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Social Innovation in community sport and

physical activity

Great work is already happening and there are many opportunities ahead


 Webinar at Monday 9th November  2020 1pm GMT


Learn about best practice, how to forge great partnerships and develop really powerful projects

Social innovation is a concept which is gaining in traction the world over. It focuses on solutions (products, services, models, markets, processes etc.) that simultaneously meet a social need (more effectively than existing solutions) and lead to new or improved capabilities and relationships and better use of assets and resources. In other words, social innovations are both good for society and enhance society’s capacity to act.

 Within sport, whether using ice hockey in Northern Ireland to bring Catholic and Protestant communities together, Nagin Ravand, an Afghan football-mad refugee is getting other females from a multi-cultural community in Denmark to play football or Salaam Peace who runs a community engagement programme that uses sports and social education to bring people together from diverse backgrounds in East London, the innovation we are seeing in sport for change is extremely important for engaging and bringing communities together.

 We are also experiencing that the traditional sports bodies are missing out on various non-sports opportunities such as inclusion, public health, education and integration where community organisations, housing associations, patient organisations, etc. as these are being perceived as having a closer relationship with those inactive and disengaged people that the traditional sports bodies have struggled to engage with.

Salaam Peace uses sport to create social integration which resolves differences

So, what is social innovation in sport (SCIP)?

 SCIP comes in many forms and covers several areas but right now I would suggest that it is about  ‘people and groups who are looking to develop and deliver innovative ways to engage with new groups through sport and develop more active and engaged people and a real impact in our communities.

It is my experience that SCIP works best when it is ‘people out there’ who create activities and initiatives for people around them. People like themselves. Then it has credibility and its genuine.

 At the same time, we are also experiencing various organisations, such as GAME in Denmark and Our Parks and Sported in the UK who are delivering really great and innovative work in several locations adapting to local needs and conditions.  So, how do we ensure a wider reach and local engagement?

 We also need to become more and honest about works and doesn’t work. Like with any other innovation not everything goes to plan and there is always room for improvement and development. But, we have seen (too?) many cases where projects which didn’t really work were somehow forgotten/ignored, so the lessons weren’t learned. From personal experience, I can confirm that you probably learn more from failures than from successes.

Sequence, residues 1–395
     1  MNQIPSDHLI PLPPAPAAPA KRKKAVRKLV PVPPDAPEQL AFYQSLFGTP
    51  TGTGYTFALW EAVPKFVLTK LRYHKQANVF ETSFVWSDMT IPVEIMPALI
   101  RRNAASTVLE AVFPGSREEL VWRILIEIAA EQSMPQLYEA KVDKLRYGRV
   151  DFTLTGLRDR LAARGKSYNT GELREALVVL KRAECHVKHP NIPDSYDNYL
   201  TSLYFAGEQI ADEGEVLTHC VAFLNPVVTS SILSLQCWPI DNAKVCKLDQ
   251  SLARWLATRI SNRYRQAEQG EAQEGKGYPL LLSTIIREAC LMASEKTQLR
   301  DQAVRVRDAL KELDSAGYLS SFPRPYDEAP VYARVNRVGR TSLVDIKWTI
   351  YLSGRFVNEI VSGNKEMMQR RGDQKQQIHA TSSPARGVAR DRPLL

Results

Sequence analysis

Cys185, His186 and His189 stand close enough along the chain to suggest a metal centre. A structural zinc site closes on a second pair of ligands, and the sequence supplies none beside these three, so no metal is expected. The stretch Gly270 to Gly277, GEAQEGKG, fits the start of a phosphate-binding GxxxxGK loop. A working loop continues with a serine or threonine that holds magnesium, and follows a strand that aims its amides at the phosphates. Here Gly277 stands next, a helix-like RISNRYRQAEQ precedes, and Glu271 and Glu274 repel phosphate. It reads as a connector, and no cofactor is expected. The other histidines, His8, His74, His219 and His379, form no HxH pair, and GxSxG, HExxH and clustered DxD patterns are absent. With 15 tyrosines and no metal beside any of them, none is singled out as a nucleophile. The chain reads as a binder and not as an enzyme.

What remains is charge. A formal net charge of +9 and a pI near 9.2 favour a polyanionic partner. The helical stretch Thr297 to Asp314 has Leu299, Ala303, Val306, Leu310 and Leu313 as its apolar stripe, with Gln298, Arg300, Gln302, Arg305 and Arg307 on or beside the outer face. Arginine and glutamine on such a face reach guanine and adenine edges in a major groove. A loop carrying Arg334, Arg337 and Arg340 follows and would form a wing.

Get local

 Every social innovation in community sport and physical activity begins its life as a hunch, living inside only a few minds. Then, through discussion, action and more discussion, often over long periods, it comes to be named, represented and codified.

 All good initiatives around engaging with disengaged people and groups are developed with, and often by, local people thus ensuring they can become sustainable and relevant.

 Good social innovations in sport are local

So, how do we support social innovators and social innovations within community sport and physical activity? Here are some suggestions that could/should be tested:

  • New sources of finance-focused specifically on innovation, including public and philanthropic investment in high-risk R&D, targeted at the areas of greatest need and greatest potential
  • ​More open markets for social solutions, including public funding and services directed more to outcomes and opened up to social enterprises and user groups as well as private business
  • New kinds of incubator for promising models, and ‘accelerators’ to advance innovation in particular areas such as, for example, chronic disease or the cultivation of non-cognitive skills;
  • New ways of empowering users to drive innovation themselves – with tools, incentives, recognition and access to funding for ideas that work
  • New institutions to help orchestrate more systemic change – linking small scale social enterprises and projects to big institutions, laws and regulations
  • New institutions focused on adapting new technologies for their social potential – such as artificial intelligence… as well as more extensive, rigorous, imaginative and historically aware research on how social innovation happens and how it can be helped